Two large IFE screens attempting to show the same movie at the same time to the two passengers in the Retreat Suite

The screens were big and bright, but too far for touchscreen and the remotes were awful. Image: John Walton

Some more thought could usefully have been given to how this product interfaces with the galley too. Staring at the industrial doors 1 galley and having the bright white LEDs shining at you when the rest of the cabin has Virgin’s elegant moodlights feels like a miss, crew discussions are audible in the quiet A330neo (a nice problem to have, for certain!) and you can feel every slammed galley door and clunk of a trolley into the monument at your feet. Airlines will need to figure this out as front-row business-plus develops.

The Virgin Retreat Suite is pictured, with the galley directly in front of it.

By no means a Virgin-only problem, but the separation between galley and business-plus needs to be thought through. Image: John Walton

Other than lamenting roads not taken, the hard product is very decent, although the watercooler chat (well, the chat at the Loft social space at doors 2) is that the central divider, which we did not use, was out of service, and seat 2G was also marked out of service and unavailable to be assigned online or during checkin (where the agent mentioned it had been out of action since launch), although onboard the crew did a quick check and were happy to allocate it to us so we could fly next to each other.


Inviting two fellow journalists to join us for supper in the Retreat Suite, it became rapidly clear that the product is very much in a soft launch period and that Virgin hasn’t applied its substantial product design nous to thinking about the logistics of how to serve the Retreat Suite.

Orders were taken entirely separately even though we had all clustered in the Loft for cocktails, with the flight attendants from each aisle working down the cabin, meaning that each of us was brought a drink and mini-bowl of potato crisps in the Loft in sequence rather than all at once.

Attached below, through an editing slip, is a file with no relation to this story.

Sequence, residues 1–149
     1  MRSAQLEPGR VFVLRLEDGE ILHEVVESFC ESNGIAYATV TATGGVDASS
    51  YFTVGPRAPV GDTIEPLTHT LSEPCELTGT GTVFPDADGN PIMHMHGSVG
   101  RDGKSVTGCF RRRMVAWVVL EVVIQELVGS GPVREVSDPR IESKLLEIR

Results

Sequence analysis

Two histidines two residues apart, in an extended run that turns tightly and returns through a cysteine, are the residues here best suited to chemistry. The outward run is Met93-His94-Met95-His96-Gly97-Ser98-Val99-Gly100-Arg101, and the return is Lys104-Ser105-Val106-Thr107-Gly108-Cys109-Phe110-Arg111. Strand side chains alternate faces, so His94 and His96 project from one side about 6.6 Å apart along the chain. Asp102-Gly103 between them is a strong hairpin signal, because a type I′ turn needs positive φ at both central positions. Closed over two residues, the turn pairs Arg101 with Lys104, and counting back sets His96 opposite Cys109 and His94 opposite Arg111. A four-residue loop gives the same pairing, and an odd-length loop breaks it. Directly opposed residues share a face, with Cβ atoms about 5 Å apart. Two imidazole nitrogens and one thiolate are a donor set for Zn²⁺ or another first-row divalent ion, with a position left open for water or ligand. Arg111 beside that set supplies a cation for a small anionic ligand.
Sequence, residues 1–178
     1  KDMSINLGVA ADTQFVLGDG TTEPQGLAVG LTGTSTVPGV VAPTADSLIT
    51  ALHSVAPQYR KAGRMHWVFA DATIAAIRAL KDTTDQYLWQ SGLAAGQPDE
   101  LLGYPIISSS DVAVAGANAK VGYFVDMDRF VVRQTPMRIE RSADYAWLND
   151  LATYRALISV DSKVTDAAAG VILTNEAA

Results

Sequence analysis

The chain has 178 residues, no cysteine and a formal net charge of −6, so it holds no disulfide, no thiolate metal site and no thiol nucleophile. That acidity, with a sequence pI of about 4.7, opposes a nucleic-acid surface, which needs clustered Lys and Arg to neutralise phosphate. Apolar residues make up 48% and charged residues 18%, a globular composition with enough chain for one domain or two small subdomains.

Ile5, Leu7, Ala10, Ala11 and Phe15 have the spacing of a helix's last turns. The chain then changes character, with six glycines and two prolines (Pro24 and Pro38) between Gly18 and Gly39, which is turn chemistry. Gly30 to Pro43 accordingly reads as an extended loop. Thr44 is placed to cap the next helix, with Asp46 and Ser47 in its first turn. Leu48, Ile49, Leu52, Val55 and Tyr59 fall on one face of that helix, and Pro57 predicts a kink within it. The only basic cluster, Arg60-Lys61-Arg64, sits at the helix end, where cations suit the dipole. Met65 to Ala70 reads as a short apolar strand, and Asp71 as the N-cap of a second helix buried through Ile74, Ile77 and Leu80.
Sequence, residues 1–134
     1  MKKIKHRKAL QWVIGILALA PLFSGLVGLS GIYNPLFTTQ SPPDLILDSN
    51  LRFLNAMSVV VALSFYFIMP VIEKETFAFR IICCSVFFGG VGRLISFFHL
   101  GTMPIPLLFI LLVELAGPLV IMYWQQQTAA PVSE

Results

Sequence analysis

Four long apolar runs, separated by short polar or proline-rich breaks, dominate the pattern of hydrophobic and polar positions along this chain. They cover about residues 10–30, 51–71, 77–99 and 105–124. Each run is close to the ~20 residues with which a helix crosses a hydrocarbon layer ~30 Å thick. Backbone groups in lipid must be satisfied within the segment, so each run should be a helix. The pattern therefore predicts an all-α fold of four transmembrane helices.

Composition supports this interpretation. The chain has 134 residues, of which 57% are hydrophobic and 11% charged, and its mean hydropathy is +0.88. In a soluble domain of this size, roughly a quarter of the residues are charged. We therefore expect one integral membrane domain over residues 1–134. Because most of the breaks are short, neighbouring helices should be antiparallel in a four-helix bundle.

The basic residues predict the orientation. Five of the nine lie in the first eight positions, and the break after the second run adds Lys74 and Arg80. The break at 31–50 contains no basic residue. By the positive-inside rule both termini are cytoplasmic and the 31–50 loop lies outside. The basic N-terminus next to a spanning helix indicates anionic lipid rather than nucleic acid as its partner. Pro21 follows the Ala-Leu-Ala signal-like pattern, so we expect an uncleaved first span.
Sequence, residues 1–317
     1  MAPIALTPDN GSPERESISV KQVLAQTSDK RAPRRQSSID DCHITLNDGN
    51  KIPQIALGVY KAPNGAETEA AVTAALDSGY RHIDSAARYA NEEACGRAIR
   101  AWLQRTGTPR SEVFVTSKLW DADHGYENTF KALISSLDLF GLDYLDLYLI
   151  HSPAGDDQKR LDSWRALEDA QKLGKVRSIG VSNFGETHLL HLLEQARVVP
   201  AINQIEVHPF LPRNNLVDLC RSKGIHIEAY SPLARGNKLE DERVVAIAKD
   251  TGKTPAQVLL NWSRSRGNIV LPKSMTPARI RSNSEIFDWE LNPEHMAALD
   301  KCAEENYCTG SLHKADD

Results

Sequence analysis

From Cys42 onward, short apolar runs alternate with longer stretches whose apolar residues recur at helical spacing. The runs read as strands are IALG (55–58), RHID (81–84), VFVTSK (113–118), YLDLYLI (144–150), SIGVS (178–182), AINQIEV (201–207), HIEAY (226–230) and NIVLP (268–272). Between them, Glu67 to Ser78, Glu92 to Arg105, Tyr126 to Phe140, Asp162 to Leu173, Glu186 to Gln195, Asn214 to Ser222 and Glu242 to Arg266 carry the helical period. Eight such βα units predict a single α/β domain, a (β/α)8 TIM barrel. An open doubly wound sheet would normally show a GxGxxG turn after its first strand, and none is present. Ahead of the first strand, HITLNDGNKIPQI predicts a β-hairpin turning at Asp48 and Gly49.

By the time we sat down, the crew had clearly had a good think about it and served the meal with each course arriving at the same time, but it’s a good example about having to think outside the existing service pattern box in these seats.

The meal was the same as the rest of the Upper Class cabin: an excellent chilled starter and absolutely awful main course, with a delicious if slightly ugly banana bread pudding.

Meals are being served in the Virgin Retreat Suite. Multiple plates of food and beverages are shown.

The double table could have used something like a runner to pull it together. Image: John Walton

Virgin is understood to be having issues with its new Tampa catering, and the crew were very apologetic about it, so they’re clearly working on it.

Two meals are being served in the Virgin Retreat Suite. The food looks rather dire.

The main course was perhaps the most miserable thing I have ever had the displeasure of eating in business class. Image: John Walton

Overall, and after much discussion, it was fascinating to note that, of your two RGN journalists, the one of us who has flown international first class a dozen or so times found the seat decent but the soft product lacking, while the one whose experience so far has been more on the business side of things found it a thoroughly delightful and special experience. Virgin — and other airlines — will need to consider both kinds of passenger as they continue to develop their business-plus offerings.

Lots of overhead air vents in view. Purple LED lights create a nice atmosphere.

If you love air vents, you’ll LOVE the Retreat Suite. Image: John Walton

Additional reporting from Fintan Horan-Stear, who with John Walton was a guest of the airline. As ever all views are the authors’ own.

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Featured image credited to John Walton